Embrace the Seasonal Transition

Crisp cold air reinforces that it’s time to put up the heavy curtains, finish gathering summer clothes into storage and freshen up the winter attire.  This transition time of autumn gives us a chance to adjust and accept that snow and arctic chill factors will be with us for some time.  Let’s embrace this transition!  Let’s prepare for the inevitable and welcome the long dark nights that invite introspection and reevaluation.  Let’s pull out the soup recipes and bring as much warmth inside as possible.  Let’s remember our stories and tall tales to share with loved ones.  Let’s get ready for what’s coming since denial does little to keep it away!

I encourage you to be careful during this transitional season.  It’s tempting to continue to wear shorts, tank tops, no socks or other attire more suitable for the heat of summer.  This habit can catch us off guard as a sudden blast of wind exposes us to cold and damp, and suddenly we’re feeling cold or flu symptoms.  It sounds so silly, but dress in layers that can be replaced or removed depending on the moment…don’t let “Old Man Winter” catch you off guard.  Oops, just had a “Mom moment.”

Guarding our health can be as simple as wardrobe choice,

taking in extra Vitamin C loaded fruits or supplements, drinking some anti-oxidant rich green tea daily (in addition to your much needed water) and considering a humidifier now that the heat is on regularly.  You can also think about adding movement meditation work into your routine to help joint fluidity, strengthen immunity and relax your mind.

Two choices for movement meditation available in Rapid City
include Tai Chi and Qigong.

“Tai chi is a “soft” Chinese martial art that is primarily practiced for its health benefits including a means for dealing with tension and stress. Among the martial arts, there are two basic types: the hard martial arts and the soft martial arts (also called internal arts). Examples of the hard martial arts are karate and kung fu. Examples of the soft martial arts are ba gua and tai chi.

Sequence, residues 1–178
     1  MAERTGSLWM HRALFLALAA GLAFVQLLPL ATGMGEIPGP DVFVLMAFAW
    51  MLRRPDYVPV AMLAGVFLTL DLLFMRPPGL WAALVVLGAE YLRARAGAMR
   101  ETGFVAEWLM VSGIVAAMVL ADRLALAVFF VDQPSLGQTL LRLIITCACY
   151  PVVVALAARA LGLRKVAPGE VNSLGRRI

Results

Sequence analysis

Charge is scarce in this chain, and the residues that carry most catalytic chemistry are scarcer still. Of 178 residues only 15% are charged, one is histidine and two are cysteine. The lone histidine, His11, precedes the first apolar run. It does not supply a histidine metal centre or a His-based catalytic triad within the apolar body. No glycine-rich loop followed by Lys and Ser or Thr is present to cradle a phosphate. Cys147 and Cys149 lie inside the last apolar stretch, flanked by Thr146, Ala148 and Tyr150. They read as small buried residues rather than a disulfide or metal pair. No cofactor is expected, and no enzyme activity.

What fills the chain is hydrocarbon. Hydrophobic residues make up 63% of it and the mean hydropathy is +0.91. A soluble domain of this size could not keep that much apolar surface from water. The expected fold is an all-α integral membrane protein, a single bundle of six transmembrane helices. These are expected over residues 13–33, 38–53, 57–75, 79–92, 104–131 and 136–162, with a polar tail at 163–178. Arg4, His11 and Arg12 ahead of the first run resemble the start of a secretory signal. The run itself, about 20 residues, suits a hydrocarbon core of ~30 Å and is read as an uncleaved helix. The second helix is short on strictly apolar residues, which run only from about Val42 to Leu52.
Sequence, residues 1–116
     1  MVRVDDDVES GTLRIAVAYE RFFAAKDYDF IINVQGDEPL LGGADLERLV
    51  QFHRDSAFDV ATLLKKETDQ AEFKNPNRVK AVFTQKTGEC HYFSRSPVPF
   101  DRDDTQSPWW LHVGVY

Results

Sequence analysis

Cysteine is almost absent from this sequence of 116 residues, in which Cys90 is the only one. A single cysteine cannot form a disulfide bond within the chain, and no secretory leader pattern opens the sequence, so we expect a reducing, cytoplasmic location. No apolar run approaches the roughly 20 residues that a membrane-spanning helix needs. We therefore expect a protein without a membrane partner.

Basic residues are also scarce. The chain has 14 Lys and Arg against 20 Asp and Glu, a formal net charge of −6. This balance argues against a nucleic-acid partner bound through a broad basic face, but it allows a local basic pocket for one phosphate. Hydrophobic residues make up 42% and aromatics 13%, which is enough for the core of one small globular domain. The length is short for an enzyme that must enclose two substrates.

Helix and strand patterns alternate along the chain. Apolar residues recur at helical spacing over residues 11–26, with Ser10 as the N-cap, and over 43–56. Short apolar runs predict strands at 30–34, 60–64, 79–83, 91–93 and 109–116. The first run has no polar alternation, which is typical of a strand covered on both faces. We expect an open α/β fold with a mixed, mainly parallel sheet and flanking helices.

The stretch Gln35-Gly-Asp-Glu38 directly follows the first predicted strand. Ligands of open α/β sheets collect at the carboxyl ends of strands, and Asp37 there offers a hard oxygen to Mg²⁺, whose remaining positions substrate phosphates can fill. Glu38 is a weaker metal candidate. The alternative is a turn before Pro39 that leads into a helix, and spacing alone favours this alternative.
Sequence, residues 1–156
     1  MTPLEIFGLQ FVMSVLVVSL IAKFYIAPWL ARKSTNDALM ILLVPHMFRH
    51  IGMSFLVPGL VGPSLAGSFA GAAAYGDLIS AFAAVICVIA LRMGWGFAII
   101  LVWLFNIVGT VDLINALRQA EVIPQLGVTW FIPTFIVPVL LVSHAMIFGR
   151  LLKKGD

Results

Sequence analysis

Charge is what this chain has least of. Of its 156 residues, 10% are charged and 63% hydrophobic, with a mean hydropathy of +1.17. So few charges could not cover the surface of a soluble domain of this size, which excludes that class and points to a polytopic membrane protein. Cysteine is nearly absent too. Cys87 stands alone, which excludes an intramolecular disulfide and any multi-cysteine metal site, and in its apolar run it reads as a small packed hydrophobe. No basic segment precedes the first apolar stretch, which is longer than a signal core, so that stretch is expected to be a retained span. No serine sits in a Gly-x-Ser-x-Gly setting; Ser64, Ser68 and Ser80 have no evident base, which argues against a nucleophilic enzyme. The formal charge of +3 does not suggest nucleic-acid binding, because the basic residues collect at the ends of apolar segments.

Tai chi emphasizes complete relaxation, and is essentially a form of meditation, or what has been called “meditation in motion.” Tai chi is characterized by soft, slow, flowing movements that emphasize force, rather than brute strength. Though it is soft, slow, and flowing, the movements are executed precisely.

Chi is an ancient Chinese notion designating a form of energy. The term literally means something like “breath.” According to the philosophy of tai chi, this energy or chi flows throughout the body, but can become blocked. According to Chinese medicine, tai chi masters, and tai chi philosophy, one becomes ill when the flow of the chi through the body becomes blocked. The Chinese recognize several means for freeing up the flow of chi; two of the more commonly known forms are acupuncture and tai chi.

In addition to its physical benefits, tai chi is said, by the Chinese, to have certain psychological effects as well. Tai Chi, as a form of meditation, is intended to help one understand oneself and to enable one to deal with others more effectively. This latter function is rooted in learning to control oneself, which can come about through two principal and fundamental notions: yin and yang. Though these two principles are seen as opposites, the one necessarily merges into the other, creating the natural balance of self and world, hence the classic symbol of tai chi. The tai chi form is meant to enable one to bring the principles of yin and yang back into their fundamental, natural harmony. The ultimate effect of this harmony is one’s physical and spiritual well-being.”
From the website: http://frank.mtsu.edu/~jpurcell/Taichi

“Qigong (also spelled Ch’i Kung) is a powerful system of healing and energy medicine from China. It is the art and science of using breathing techniques, gentle movement, and meditation to cleanse, strengthen, and circulate the life energy (qi). Qigong practice leads to better health and vitality and a tranquil state of mind. In the past, qigong was also called nei gong (inner work) and dao yin (guiding energy).

The documented history of qigong goes back approximately 2,500 years. However Chinese archaeologists and historians have found references to qigong-like techniques at least five thousand years old.
Because qigong includes both dynamic and gentle techniques that can be practiced from standing, seated, or supine postures, it is suitable for young and old. Practices can be tailored to individual needs making it an ideal aid to recovery from illness or injury. Qigong is a form of complementary medicine. It works well with other forms of therapy and should never be used as a substitute for necessary treatment by a physician.”
From the website: http://www.qigonghealing.com